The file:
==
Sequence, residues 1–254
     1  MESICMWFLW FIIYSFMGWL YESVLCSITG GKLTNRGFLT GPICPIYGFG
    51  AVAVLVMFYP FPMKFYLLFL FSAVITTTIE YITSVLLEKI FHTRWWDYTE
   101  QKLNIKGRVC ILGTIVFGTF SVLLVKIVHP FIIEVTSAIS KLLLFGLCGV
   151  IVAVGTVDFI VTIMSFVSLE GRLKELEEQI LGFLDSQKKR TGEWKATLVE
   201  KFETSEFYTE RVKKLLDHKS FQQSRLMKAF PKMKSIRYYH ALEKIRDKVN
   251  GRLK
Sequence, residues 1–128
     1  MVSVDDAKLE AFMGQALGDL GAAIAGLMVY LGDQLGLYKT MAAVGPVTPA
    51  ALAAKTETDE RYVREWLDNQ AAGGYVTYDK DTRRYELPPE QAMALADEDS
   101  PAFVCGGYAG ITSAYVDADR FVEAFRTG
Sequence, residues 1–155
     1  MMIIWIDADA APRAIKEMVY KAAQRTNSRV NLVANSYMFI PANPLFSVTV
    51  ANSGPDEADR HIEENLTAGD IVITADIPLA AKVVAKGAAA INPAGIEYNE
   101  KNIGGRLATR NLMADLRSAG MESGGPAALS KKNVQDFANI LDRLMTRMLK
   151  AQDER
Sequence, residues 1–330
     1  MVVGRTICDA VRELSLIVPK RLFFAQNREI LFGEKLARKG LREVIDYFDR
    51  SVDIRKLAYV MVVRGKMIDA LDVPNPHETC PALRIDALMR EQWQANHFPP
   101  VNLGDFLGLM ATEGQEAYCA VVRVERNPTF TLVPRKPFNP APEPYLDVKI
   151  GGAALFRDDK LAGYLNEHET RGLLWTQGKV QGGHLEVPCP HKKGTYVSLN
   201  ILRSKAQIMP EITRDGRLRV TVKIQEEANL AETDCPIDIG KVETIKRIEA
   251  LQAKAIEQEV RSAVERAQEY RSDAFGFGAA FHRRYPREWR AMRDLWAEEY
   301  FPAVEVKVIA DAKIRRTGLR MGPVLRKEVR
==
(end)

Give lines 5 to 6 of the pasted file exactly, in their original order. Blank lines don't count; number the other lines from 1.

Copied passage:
   151  IVAVGTVDFI VTIMSFVSLE GRLKELEEQI LGFLDSQKKR TGEWKATLVE
   201  KFETSEFYTE RVKKLLDHKS FQQSRLMKAF PKMKSIRYYH ALEKIRDKVN